NYC ‘clearly hurting’ with loss of at least 15% of its hotel rooms to migrant shelters, ballooning costs for tourists

A staggering 121 New York City hotels have been taken off the market and converted into migrant shelters raising concerns that a space crunch and pricier rooms will tank tourism.

Some 16,000 former hotel rooms now booked to help with the influx of migrants into the Big Apple as the room rate for actual hotels has soared past $300 a night.

“There’s no question that taking a massive supply of hotel rooms off the market is increasing prices at the hotels,” said Nicole Gelinas, a senior fellow at the Manhattan Institute, a conservative think tank.

There have been 121 New York City hotels that have been converted into migrant shelters. Helayne Seidman

She said it becomes an issue for middle-income people considering coming into the city for a weekend, and booking a mid-tier hotel.

“It just becomes too much for people to afford. It’s clearly hurting the tourism industry,” Gelinas said.

The extent of hotels lost was revealed during a hotel industry event Tuesday morning, with nearly 15% of the city’s 121,300 now off the market.

Another 6,000 hotel rooms closed altogether during the COVID-19 pandemic, according to an industry group. The potential of rising costs may be something the city can’t ignore for long.

“It’s a topic of discussion. We have concerns regarding our cost profile – including at our hotels,” Gary Lavine, finance chairman of the board of directors at the Jacob Javits Convention Center, said Tuesday.

Hotel Le Jolie in Williamsburg, Brooklyn was converted into a shelter. Hotel Le Jolie/Facebook

But he added, “It’s not a crisis – yet.”

Although the space crunch may be squeezing consumers, The Post previously reported that the migrant crisis has a boon for many of the mid-tier and economy hotels that were reeling during the coronavirus pandemic.

By converting into migrant shelters, hotels getting a steady stream of revenue with the city filling all their rooms – 100% occupancy – and paying an average of $156 per room each day.

The Post reported last September that the city extended contracts with the NYC Hotel Association for three years at a massive price tag of $1.3 billion — nearly five times the original $275 million deal — just to pay rental fees to the vast network of hotels converted into emergency shelters.

Even boutique hotels in the heart of the Theater District are taking migrants instead of tourists.

Migrants entering the shelter at the Roosevelt Hotel in Manhattan. Robert Miller

The head of the New York City Hotel Association acknowledged that consolidation, the “compression” of the hotel market, is one of a number of factors contributing to the costs of hotel rooms.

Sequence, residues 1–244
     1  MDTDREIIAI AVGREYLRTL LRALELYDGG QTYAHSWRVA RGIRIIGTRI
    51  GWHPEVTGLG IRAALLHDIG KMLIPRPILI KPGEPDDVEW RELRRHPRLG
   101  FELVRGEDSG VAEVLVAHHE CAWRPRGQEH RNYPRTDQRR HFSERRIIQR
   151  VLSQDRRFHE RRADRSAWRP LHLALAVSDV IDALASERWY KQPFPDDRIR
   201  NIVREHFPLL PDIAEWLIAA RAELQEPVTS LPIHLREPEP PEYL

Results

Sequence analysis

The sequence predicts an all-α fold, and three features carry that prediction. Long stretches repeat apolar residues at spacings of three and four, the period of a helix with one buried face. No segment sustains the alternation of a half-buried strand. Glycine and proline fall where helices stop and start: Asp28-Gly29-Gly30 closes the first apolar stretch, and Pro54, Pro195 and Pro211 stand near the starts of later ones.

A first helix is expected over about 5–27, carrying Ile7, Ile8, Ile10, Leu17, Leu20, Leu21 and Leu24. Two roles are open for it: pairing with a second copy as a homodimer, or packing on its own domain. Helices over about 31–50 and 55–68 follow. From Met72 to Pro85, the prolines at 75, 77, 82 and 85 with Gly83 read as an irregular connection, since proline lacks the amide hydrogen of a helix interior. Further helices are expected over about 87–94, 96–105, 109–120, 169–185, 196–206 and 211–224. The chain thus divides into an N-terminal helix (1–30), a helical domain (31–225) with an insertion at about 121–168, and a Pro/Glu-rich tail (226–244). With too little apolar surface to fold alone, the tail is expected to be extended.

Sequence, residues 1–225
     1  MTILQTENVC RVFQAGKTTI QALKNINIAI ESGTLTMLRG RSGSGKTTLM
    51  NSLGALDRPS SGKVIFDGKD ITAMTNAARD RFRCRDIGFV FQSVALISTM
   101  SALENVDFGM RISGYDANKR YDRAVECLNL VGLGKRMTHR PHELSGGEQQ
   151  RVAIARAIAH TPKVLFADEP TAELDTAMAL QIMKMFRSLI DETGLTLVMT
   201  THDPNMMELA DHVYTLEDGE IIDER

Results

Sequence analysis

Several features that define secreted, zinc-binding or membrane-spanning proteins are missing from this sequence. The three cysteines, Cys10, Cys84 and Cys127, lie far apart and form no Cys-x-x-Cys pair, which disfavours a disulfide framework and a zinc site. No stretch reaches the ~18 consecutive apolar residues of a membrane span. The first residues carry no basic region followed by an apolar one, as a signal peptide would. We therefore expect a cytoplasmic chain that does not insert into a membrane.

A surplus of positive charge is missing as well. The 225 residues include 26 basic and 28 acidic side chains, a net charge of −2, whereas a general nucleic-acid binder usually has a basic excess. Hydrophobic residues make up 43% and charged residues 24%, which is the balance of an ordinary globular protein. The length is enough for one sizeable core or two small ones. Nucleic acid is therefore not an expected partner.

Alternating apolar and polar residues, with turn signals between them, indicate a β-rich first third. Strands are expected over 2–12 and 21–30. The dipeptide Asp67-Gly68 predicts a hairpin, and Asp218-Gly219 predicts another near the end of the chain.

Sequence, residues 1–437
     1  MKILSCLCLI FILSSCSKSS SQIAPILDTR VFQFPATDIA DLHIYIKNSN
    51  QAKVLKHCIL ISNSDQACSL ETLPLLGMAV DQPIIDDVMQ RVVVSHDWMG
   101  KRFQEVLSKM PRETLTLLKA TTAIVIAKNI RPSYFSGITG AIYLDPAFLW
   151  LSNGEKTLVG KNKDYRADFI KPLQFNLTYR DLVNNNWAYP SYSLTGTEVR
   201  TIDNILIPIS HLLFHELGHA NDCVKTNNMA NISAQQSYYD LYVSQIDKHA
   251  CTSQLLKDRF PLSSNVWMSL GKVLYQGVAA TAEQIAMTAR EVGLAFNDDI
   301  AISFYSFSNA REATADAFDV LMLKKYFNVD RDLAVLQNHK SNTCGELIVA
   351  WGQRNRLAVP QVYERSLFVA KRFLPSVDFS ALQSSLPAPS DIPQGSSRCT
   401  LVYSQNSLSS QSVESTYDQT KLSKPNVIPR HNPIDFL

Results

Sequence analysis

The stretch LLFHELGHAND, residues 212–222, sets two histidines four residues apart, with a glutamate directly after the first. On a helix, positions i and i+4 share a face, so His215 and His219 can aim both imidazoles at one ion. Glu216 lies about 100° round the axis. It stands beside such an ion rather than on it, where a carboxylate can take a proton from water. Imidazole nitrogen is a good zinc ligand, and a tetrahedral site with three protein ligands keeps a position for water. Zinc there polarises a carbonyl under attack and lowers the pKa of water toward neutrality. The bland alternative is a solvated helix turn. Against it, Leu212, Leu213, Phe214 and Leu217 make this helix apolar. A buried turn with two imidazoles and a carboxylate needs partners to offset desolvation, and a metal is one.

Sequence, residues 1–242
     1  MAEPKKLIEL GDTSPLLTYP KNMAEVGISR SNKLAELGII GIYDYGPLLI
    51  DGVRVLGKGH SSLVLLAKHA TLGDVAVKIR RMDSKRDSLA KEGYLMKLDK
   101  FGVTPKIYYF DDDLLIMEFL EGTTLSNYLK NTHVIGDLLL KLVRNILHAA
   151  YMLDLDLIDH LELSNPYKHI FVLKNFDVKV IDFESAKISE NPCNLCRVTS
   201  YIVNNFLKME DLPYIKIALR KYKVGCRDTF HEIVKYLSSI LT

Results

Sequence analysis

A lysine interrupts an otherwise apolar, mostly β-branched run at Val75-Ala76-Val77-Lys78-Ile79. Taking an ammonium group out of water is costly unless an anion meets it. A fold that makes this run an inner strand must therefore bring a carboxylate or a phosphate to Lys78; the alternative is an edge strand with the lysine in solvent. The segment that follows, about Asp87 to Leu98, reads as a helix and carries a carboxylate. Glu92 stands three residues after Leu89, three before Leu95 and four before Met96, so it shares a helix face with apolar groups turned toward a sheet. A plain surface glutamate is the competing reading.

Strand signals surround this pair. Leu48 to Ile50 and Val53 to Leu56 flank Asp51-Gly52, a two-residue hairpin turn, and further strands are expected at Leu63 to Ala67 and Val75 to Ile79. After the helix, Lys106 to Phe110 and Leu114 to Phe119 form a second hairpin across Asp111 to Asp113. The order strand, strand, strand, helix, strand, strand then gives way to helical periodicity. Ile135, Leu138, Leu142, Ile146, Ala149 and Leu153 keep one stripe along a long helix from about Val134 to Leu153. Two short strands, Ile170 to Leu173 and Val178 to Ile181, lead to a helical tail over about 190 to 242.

“The higher cost of hotel rooms is partly due to compression but also in part due to inflation which is a deterrent for meeting planners looking to book New York City as a destination,” said Hotel Association CEO Vijay Dandapani.

“The nearly 18% occupancy taxes that are added to the room rate make the City even more uncompetitive, leading them to alternate destinations,” he added.

Dandapani emphasized that there is no “shortage” of hotel rooms, as the occupancy remains just about at 2019 levels for the same period.

The average hotel occupancy rate was at 89.6% in 2019 and even with the consolidation it was at 82% by the end of last year after a precipitous decline during the pandemic years, according to a recent analysis by Comptroller Tom DiNapoli’s office.

DiNapoli said the migrant crisis has clearly improved the hotel industry’s bottom line.

“The growth was boosted, in part, by hotels that partially housed asylum seekers. In recent months, the City has housed more than 60,000 asylum seekers on a monthly basis,” the analysis said.

“The City has housed a portion of these asylum seekers in mostly midscale and economy hotels throughout the City, spending an ADR [average daily rate] of $156 per room.”

The comptroller’s office also found that roommates had surpassed $300.

Mayor Eric Adams’ office claimed the migrant crisis has not negatively affected tourism. The city has processed more than 200,000 of asylum seekers since July 2022.

About 16,000 hotel rooms have been used for the city’s migrant crisis. J. Messerschmidt for NY Post

“When the Adams administration came into office, tourism was at the fourth-lowest level in over 20 years. But today, New York City is back — and last year, we had the fourth highest tourism in history, we are on track for roughly 64 million visitors this year, and we expect a full recovery with over 68 million visitors in 2025,” a mayoral spokesperson said.

“The return of tourists to New York City is reflected at hotels as well, where demand is up. New York City is safer, cleaner, and, as the numbers show, continues to be one of the most popular destinations in the United States.”

City Hall said hotel prices have been rising due to inflation as well as demand, a phenomenon happening in other cities – with spikes in costs for goods and services, as well as labor.

Officials even admitted that historically the Big Apple is the most expensive city in the mainland US.

Many of the hotels now accepting migrants were not doing well before the pandemic, the mayor’s office noted. Some including the Roosevelt Hotel in Midtown were closed.

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